Today marks a major milestone for the pair of us at Modacity, having just submitted the (as-yet-untitled) manuscript for our first book to our publisher at Island Press! The past nine months have been quite the rollercoaster ride, from developing a detailed outline with our editor, to planning a return trip to the Netherlands to attend the prestigious Velo-city Conference, and conducting over 40 interviews with key figures on both sides of the Atlantic – and even one on the other side of the Pacific. Our goal: to share and celebrate the Dutch success story with the world, and demonstrate how they – as the world’s foremost cycling nation – are informing and inspiring the next generation of cycling cities on North American shores.
We told the story of Rotterdam’s tragic destruction, modernist reconstruction, and subsequent retrofit, and how that transformation inspired New York City to tame its mean streets. We looked at the political courage required to make Groningen’s now-famous traffic circulation plan a reality, and how similar bravery manifested itself in an ‘AAA’ bike network in our hometown of Vancouver. We wrote about how citizen intervention narrowly saved Amsterdam from being buried under freeways, and how those activists are inspiring a new generation of Bostonians to demand more. We explained how Utrecht residents realized a human scale city and car-first city are mutually exclusive, and how the same sentiments are encouraging San Franciscans to reconsider their own thoroughfares. We spoke of how Eindhoven leveraged cycling to reinvent itself from a city of industry to one of technology, and how the sprawling Prairie city of Calgary hopes to follow in its tracks.
We also explored how upright, Dutch-style bikes have endured in their culture for over 125 years, and how one Philadelphia retailer is embracing them as a tool to get more people cycling. We delved into the unique approach the Netherlands takes to road safety policy and infrastructure design, and how those methods are being translated by Austin’s Active Transportation Division. We learned how cargo bikes are causing many Dutch families and businesses to think outside the van, and how Portland became one of the first North American cities to adopt them. We examined how the bike-train combination became a seamless, door-to-door mobility option for a huge portion of the Dutch population, and how that has encouraged Atlanta to use bikes to feed their own transit system. We investigated the unique programs used to educate and empower Dutch immigrants and children, and how Seattle is one of the first U.S. cities to attempt identical measures.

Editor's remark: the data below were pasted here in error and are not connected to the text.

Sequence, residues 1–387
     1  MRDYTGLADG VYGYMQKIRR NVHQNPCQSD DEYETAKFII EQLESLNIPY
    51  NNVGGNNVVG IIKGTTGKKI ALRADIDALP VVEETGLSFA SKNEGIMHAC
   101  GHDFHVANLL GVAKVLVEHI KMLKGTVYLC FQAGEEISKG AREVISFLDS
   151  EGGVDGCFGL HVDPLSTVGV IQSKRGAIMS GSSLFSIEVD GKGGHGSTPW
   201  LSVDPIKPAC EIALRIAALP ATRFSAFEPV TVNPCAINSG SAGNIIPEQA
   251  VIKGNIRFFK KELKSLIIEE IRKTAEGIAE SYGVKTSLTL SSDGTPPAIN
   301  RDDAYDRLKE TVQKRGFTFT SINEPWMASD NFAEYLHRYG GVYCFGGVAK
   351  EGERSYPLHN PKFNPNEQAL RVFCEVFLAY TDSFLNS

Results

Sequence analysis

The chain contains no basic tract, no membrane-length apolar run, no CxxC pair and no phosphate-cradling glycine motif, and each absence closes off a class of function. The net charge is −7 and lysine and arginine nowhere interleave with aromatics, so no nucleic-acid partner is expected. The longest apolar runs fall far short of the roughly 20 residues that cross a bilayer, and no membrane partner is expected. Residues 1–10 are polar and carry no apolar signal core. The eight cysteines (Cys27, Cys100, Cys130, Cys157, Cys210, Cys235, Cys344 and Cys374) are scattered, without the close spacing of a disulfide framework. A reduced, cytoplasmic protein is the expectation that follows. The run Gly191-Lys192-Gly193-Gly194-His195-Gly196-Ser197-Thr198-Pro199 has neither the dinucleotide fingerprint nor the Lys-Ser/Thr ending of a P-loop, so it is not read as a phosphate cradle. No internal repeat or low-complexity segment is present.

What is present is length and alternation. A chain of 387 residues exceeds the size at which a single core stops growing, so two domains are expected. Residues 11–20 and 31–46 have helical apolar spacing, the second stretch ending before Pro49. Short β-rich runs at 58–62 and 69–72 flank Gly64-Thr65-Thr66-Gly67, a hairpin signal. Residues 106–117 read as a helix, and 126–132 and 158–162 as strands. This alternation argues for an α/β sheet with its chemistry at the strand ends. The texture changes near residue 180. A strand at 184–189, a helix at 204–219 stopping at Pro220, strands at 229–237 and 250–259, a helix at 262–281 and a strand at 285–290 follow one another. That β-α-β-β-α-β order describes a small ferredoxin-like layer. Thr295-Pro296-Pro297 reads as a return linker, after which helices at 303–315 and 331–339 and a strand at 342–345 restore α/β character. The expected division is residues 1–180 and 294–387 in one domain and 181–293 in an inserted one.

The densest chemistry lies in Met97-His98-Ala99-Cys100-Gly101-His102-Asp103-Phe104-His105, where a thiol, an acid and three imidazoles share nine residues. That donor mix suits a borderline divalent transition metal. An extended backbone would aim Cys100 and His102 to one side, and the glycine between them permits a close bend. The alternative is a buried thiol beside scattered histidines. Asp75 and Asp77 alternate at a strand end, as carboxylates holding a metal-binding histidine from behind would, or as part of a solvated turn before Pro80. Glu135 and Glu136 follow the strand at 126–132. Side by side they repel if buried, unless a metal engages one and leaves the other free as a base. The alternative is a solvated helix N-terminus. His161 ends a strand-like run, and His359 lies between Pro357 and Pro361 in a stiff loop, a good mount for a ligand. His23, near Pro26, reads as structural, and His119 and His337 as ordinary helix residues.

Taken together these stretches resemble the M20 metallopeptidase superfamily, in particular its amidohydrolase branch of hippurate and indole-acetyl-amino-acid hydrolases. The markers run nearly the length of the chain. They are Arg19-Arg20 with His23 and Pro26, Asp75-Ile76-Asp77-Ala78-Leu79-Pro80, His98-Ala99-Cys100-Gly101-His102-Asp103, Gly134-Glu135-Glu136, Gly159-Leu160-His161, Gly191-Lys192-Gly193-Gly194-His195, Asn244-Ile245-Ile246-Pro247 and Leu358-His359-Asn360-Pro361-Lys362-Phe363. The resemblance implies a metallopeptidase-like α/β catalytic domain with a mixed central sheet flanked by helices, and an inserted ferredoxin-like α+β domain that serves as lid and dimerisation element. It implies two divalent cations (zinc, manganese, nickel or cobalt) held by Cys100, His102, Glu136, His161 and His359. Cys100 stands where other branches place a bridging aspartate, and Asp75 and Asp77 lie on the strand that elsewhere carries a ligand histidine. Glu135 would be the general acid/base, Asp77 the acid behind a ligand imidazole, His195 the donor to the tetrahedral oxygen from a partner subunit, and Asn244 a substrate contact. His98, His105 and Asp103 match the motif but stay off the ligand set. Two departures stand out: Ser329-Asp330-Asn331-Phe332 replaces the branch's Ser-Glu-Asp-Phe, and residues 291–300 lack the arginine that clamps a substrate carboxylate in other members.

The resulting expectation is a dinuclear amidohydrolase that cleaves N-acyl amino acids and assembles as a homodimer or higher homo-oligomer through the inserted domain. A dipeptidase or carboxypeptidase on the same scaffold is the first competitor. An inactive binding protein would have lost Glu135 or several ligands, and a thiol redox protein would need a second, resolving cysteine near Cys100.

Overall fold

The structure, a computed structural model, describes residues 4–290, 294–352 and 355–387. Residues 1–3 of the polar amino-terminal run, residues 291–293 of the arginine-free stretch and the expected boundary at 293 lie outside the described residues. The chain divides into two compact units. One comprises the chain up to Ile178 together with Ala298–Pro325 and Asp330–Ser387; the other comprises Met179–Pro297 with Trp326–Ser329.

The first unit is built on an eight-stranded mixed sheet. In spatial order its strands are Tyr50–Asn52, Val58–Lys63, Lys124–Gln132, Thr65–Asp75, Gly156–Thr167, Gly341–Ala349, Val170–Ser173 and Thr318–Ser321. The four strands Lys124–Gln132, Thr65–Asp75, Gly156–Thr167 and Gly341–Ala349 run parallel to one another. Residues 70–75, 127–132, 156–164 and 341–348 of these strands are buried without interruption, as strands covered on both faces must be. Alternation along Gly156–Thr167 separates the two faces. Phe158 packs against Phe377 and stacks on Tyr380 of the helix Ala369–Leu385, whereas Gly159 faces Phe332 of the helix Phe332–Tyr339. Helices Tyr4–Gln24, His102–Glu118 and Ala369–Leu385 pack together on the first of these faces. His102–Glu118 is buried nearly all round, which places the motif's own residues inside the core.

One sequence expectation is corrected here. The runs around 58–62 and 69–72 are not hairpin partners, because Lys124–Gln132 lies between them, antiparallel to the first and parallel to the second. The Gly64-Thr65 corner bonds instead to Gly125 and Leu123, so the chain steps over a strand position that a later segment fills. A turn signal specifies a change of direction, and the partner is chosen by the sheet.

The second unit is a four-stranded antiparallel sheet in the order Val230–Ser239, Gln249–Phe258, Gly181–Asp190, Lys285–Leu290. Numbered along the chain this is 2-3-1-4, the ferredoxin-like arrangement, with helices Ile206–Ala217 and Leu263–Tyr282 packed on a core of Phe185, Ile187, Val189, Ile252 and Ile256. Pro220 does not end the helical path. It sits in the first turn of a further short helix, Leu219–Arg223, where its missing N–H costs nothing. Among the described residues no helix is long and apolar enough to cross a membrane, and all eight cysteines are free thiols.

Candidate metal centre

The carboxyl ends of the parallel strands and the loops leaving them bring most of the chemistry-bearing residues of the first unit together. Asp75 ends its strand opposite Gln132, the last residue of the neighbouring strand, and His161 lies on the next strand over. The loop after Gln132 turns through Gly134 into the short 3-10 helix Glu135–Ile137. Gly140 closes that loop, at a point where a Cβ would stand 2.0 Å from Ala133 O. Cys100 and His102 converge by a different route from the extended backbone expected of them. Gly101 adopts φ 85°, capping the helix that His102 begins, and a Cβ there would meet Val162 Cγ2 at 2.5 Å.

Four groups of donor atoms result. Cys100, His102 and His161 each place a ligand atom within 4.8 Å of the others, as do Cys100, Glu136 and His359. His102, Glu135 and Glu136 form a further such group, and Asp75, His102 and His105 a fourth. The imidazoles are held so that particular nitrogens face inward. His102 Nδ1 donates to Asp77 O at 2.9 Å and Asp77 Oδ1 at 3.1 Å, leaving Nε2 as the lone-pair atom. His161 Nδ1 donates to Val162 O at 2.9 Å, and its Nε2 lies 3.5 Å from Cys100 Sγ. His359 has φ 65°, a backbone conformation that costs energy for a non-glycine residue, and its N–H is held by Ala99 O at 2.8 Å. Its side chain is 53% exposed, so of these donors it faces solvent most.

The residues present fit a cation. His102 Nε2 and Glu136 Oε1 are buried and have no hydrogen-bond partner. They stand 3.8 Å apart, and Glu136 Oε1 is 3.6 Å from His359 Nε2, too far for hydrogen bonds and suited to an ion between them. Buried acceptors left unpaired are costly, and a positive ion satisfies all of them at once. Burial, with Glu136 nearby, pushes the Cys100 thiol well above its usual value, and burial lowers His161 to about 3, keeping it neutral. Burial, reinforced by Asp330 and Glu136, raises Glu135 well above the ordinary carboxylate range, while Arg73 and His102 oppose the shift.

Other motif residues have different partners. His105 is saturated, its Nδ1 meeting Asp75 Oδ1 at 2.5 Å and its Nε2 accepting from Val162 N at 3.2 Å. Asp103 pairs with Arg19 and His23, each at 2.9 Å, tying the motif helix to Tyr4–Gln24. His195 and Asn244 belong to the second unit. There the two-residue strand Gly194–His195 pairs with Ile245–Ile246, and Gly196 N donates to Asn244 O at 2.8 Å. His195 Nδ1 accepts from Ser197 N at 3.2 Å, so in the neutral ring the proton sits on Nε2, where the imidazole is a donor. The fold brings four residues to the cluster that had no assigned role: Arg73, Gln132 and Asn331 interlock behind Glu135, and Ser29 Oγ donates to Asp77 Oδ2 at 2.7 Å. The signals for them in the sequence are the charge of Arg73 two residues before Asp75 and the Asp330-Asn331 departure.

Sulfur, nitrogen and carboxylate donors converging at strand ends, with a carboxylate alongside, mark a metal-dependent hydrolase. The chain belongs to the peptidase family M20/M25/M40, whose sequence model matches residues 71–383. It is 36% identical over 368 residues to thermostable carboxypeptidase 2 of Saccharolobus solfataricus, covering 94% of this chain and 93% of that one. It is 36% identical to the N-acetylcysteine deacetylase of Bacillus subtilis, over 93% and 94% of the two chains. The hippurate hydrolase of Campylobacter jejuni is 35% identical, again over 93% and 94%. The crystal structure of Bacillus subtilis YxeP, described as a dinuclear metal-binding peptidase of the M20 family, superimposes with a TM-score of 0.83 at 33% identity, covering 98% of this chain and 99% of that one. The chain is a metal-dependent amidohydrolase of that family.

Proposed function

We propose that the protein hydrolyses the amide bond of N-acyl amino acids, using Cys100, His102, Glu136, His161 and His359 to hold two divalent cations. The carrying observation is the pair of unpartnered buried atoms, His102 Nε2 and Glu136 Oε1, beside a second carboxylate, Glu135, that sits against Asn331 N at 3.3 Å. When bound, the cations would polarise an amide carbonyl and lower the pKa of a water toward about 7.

Over the course of the writing process, we were lucky enough to interview a number of dedicated professionals working in the Netherlands, including Former Groningen Alderman Max van den Berg, Urban Cycling Institute Researcher Meredith Glaser, Dutch Cycling Ambassador Mark Wagenbuur, Urban Arrow Founder Jorrit Kreek, Utrecht Deputy Mayor Lot van Hooijdonk, and the University of Amsterdam’s own ‘Fietsprofessor’ Marco te Brömmelstroet. We also spoke to many trailblazers on this side of the Atlantic, including Former New York City Transportation Commissioner Janette Sadik-Khan, Current Vancouver Mayor Gregor Robertson, BikePortland.org Publisher and Editor Jonathan Maus, and City of Calgary Councillor Druh Farrell.
Needless to say, we’re incredibly proud of the end product, and can’t wait to share it with the world when it gets published in September. In the meantime, once copyediting is complete, we enter the fun part of the process, as we team up with the Island Press marketing department to finalize the title, cover, and art selection.
We’re also pleased to return to regularly scheduled programming, after a lengthy hiatus on new blog content, including the resumption of Melissa’s Women in Urbanism series next month. As the weather warms up, we have several exciting events in the works, including B.C. screenings of the wonderful Dutch documentary “Why We Cycle”, and Vancouver’s 4th Annual Cargo Bike Championship in False Creek.
Last but not least, we’re finally in a position to take on new projects, so if you’re interested in any of our services, including content creation or social media management, please get in touch. For the latest on all of the above, including book updates, please follow us on Facebook, Twitter, and Instagram, or subscribe to this blog via RSS or email. 2018 promises to be an eventful year for Modacity. We’re glad you’re along for the ride!